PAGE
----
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Time for Some Good Jobs Guarantees

Corporations often take big helpings of public funds, saying that they’ll provide jobs in return. But how can communities make sure they deliver?


Striking Chicago teachers march past the Hyatt Regency, which received public funding initially intended for public schools. Photo by Sarah Ji.

Chicago teachers, whose strike concluded this week, brought their protests to some familiar places: marches through city streets, rallies in public parks and plazas. But one demonstration’s location probably gave passers-by some pause—a luxury hotel in one of the city’s poshest districts?

Members of the Chicago Teachers Union picketed in front of a Hyatt Regency hotel in order to highlight the fact that the hotel chain had received some $5 million through a city subsidy called Tax Increment Financing (TIF). That’s money from property taxes that the city sets aside from the pot for schools and other public projects.

In Chicago, “TIFs capture about $500 million in tax revenues each year, about half of which is diverted from the public school system,” notes a June study by a sociologist at Roosevelt University.

To lure new industry or development, state and local governments offer tax breaks, subsidies, and other enticements to the tune of $70 billion every year

In theory, TIF funding is meant to spur development, both public and private, in blighted areas of the city. But the study found that that funding has ended up inequitably applied along racial, geographic, and socioeconomic lines; sometimes it ends up an outright slush fund, the money going to well-connected developers working on projects in upscale neighborhoods. TIF, the study concludes, “has moved beyond its original purpose of developing blighted communities and has become a general financial tool to spur economic development for the city as a whole.”

Courting private companies with taxpayer money has been a widespread practice for decades. To lure new industry or development, state and local governments offer tax breaks, subsidies, and other enticements to the tune of $70 billion every year, according to a December report from Good Jobs First, a group that monitors public subsidies.

This practice sometimes has real benefits—including, in ideal cases, paying for itself by increasing the size of a tax base. But the teachers—who protested in front of the Hyatt carrying union signs that read, “Silly Rich Guy, TIFs are for kids!”—were highlighting the cost to communities when governments divert tax dollars to private companies.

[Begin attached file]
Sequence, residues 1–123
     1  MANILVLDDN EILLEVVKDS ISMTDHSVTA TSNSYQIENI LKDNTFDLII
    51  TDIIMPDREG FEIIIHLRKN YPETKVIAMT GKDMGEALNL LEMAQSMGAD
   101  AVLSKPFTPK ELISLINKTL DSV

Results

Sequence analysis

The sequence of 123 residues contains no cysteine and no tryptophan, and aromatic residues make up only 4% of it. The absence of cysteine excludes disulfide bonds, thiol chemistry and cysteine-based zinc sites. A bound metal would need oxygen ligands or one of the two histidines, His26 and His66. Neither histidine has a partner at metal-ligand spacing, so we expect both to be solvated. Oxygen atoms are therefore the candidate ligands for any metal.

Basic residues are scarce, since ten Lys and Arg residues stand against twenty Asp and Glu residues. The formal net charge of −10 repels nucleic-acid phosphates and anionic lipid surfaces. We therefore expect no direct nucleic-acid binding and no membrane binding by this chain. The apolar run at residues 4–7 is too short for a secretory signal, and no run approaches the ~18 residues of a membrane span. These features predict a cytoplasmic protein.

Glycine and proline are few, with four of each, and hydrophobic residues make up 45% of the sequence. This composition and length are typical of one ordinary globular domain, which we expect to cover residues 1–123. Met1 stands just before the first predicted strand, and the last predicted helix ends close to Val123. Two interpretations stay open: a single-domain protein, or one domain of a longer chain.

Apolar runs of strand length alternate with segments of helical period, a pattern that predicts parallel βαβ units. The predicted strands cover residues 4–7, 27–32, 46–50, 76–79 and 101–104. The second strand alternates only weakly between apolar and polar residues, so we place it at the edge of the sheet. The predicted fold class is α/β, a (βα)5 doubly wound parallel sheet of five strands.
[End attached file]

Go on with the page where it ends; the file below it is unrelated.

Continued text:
Under a clawback, if a company doesn’t create the agreed-upon number of jobs, fails to pay a certain wage, or relocates, taxpayers are entitled to their money back.

In exchange for subsidies and tax breaks, companies often promise jobs, training, and other benefits. But frequently, they never materialize. When that happens, it’s a major loss: not just of those benefits, but for the schools and other public resources that got shortchanged to create the subsidy. And the company usually doesn’t face any repercussions for not living up to its promises.

The good news is that advocacy groups and governments are taking a closer look at such subsidies to make sure they’re really worth their cost—and finding ways to make sure that governments can get their money back if they’re not.

So how do you hold a company accountable for its promises? One method is to require “clawback” provisions in contracts when companies accept subsidies. Under a clawback, if a company doesn’t create the agreed-upon number of jobs, fails to pay a certain wage, or relocates, taxpayers are entitled to their money back.


money on hook by tax credits
Community Benefit Agreements

The Los Angeles Alliance for a New Economy developed "community benefits agreements" to specify benefits provided to neighborhoods affected by a particular development.

Without clawbacks, in contrast, that money is simply gone: a taxpayer giveaway to private companies. Between 2008 and 2010, the state of Tennessee paid more than $27 million in FastTrack grants to companies who trained 6,200 new workers. By 2011, the Nashville Business Journal found, fewer than half those jobs still existed—and neither did any recourse for getting the money back. Now, the state is working to draft clawback provisions that can be included in future FastTrack deals.

Good Jobs First lists a series of reforms that could make companies more accountable to the taxpayers who support them. Among them are laws demanding better public disclosure of how subsidies are distributed and whether goals are met, and better public access to the subsidy-approval process. Community groups can also negotiate directly with companies to create Community Benefits Agreements, offering support for a subsidy only if a company agrees to particular local demands. And governments can demand that jobs come with living wages and benefits, that subsidies don’t encourage sprawl, and that funds not be taken from school budgets.

The Chicago teachers who picketed at the Hyatt chanted, “Give it back!” With corporate handouts continuing as schools and other public programs suffer around the country, that’s a demand we may start to hear much more often.

Brooke Jarvis wrote this article for YES! Magazine, a national, nonprofit media organization that fuses powerful ideas and practical actions.


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